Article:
If you grew up with a backyard garden, having a garden on your school’s grounds may not seem like a big deal. But when that school garden introduces children to healthy eating, a local food source, a “teaching kitchen,” agriculture, educational curriculum and more, it is.
Farm to School, a national program that brings all of this together, started nearly 20 years ago with a pilot project in California and Florida in which schools incorporated gardens with curriculum and beyond for students in kindergarten through 12th grade. The National Farm to School Network is the organization at the heart of the Farm to School movement, and is the leading resource for information about national, state and local policies that impact Farm to School. As of 2012, more than 40,000 schools, or 44 percent of schools in all 50 states, are part of this network.
The Farm to School program offers the opportunity for students to gain access to healthy, local foods, as well as educational opportunities, such as direct ownership of school gardens, cooking lessons and farm field trips. Farm to School empowers children and their families to make informed food choices; it strengthens local food growers by providing schools with fresh produce; it influences schools to provide healthy food options; and it presents teachers with opportunities to integrate agriculture, botany sciences and more.
Locally, one such Farm to School participant surpassing its sixth year is McKinley Elementary in Davenport. McKinley Elementary hosts about 350 kindergartners through fifth-graders.
Sarah Davis Priest, now of Highland Park, Ill., was a teacher in the Davenport School District when she was involved with a state version of the program. She learned that the Iowa Department of Agriculture and Land Stewardship was providing grants to install school gardens.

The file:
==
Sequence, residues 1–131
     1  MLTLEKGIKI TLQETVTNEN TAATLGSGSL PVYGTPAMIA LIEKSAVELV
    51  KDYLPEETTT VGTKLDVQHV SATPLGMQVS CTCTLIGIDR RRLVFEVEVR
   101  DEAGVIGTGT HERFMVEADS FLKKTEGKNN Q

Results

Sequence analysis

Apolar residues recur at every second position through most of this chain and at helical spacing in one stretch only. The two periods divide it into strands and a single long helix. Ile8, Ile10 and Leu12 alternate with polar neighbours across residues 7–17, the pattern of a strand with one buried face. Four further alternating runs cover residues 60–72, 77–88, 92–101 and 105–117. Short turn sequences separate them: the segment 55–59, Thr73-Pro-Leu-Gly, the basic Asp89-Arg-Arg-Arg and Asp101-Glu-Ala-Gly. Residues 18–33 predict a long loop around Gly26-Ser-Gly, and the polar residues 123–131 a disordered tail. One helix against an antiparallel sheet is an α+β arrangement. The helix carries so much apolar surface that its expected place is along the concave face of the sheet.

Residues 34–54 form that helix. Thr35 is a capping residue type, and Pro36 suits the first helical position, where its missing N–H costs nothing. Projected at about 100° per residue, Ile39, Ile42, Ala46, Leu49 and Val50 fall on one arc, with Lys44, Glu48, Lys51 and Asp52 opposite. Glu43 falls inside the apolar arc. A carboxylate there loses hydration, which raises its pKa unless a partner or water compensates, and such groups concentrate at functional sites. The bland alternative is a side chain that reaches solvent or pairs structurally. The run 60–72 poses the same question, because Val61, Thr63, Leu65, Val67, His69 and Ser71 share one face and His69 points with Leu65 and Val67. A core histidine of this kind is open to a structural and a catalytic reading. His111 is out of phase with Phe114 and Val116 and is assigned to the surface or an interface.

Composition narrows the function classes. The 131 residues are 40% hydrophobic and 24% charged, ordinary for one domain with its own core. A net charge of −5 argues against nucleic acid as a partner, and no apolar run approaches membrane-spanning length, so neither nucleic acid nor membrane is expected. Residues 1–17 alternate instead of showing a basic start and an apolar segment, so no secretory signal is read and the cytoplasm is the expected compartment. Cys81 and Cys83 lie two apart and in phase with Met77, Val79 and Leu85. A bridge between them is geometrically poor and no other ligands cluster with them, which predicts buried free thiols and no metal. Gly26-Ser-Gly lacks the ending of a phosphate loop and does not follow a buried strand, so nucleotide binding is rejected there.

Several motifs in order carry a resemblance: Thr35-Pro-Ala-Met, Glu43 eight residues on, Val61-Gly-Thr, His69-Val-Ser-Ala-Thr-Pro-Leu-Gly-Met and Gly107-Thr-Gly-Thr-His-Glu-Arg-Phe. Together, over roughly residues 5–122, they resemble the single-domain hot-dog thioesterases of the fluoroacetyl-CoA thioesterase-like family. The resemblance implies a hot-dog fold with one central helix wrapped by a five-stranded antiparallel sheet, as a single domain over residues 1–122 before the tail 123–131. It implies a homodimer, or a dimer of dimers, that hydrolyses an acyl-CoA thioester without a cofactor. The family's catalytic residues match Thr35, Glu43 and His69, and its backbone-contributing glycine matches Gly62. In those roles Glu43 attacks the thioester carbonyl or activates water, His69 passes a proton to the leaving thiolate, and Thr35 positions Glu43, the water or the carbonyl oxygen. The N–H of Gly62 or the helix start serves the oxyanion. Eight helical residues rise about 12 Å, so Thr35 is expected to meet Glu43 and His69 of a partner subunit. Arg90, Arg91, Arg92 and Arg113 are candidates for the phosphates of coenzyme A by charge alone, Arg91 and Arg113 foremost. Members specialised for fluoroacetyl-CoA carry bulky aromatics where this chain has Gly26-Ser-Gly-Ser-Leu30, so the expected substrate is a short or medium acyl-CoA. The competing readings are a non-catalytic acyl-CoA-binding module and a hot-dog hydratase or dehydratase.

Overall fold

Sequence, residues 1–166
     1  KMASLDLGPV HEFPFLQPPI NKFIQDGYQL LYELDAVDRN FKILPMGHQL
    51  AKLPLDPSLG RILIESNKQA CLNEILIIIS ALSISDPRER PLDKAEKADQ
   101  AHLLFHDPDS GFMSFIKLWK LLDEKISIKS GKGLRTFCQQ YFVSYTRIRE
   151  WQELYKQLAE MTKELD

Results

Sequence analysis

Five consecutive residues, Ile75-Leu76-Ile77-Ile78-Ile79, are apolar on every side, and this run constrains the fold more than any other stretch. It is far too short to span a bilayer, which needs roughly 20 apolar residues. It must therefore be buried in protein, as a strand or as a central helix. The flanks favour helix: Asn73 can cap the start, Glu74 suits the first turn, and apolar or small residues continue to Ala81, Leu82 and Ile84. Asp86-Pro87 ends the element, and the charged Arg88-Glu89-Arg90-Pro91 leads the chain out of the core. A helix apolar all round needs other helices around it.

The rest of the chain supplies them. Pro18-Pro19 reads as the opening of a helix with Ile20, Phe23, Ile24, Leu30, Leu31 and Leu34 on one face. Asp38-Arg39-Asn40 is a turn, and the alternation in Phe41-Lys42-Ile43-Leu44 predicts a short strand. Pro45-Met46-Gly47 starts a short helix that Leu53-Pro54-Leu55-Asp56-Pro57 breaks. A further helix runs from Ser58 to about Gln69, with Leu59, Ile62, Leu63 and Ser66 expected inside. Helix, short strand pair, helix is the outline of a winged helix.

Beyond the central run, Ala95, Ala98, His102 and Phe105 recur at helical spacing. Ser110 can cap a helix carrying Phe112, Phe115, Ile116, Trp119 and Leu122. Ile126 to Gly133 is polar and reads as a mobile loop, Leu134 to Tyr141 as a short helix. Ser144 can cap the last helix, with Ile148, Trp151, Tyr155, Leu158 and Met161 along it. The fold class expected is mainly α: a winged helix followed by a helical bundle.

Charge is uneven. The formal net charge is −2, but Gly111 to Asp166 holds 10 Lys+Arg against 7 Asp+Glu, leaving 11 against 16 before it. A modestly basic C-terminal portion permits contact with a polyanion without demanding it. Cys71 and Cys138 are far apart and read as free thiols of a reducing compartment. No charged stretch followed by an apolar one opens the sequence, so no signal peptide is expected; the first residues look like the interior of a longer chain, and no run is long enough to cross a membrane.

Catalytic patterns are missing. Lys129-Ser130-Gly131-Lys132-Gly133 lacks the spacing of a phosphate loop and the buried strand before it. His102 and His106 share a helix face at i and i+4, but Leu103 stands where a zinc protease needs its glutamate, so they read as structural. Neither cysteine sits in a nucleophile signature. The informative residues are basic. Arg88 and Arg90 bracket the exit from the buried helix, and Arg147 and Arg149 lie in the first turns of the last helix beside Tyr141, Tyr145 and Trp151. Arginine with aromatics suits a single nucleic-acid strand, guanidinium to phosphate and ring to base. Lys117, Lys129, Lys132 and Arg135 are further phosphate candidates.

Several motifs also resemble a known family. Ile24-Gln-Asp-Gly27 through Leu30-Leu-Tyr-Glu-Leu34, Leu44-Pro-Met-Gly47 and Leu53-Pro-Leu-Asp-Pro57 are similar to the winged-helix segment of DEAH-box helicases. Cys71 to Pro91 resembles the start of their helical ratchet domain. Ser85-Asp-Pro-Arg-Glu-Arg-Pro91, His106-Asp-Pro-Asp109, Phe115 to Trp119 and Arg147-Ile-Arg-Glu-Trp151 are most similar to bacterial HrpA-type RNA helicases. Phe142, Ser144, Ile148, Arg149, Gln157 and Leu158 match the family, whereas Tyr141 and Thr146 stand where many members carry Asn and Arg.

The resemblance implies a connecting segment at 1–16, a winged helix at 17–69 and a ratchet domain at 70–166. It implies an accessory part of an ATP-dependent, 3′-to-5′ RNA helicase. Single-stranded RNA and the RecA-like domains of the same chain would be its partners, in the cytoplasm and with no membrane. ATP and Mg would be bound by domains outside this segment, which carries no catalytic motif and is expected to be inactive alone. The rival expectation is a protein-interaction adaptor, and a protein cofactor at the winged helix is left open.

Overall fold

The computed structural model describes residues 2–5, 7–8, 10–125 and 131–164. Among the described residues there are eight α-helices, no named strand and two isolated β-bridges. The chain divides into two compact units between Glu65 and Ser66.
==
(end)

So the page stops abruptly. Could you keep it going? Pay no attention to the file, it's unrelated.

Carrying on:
“Initially, we thought of a districtwide Farm to School project,” says Davis Priest. But because that would’ve been such a large endeavor for a new model, the project was assigned to McKinley because of its strong support from parents, its principal and the PTA.
“The school was willing to donate land (for the five raised beds), and we had such huge support from everyone. We wanted McKinley to be a model for other schools.”
Farm to School implementation differs by location, but always includes one or more of the following: procurement, where local foods are purchased, promoted and served in the cafeteria or as a snack or taste-test; education, where students participate in educational activities related to agriculture, food, health or nutrition; and school gardens, where students are guaranteed hands-on learning.
The National Farm to School Network alone cites a plethora of studies which indicate a far-reaching effect this program has or may have on students, parents, farmers and the community.
For example, there is proof of improvement in early childhood and the eating behaviors of kids and teens in kindergarten through 12th grade, including choosing healthier options in the cafeteria, consuming more fruits and vegetables at home, consuming fewer unhealthy foods and pop, reducing screen time and increasing physical activity.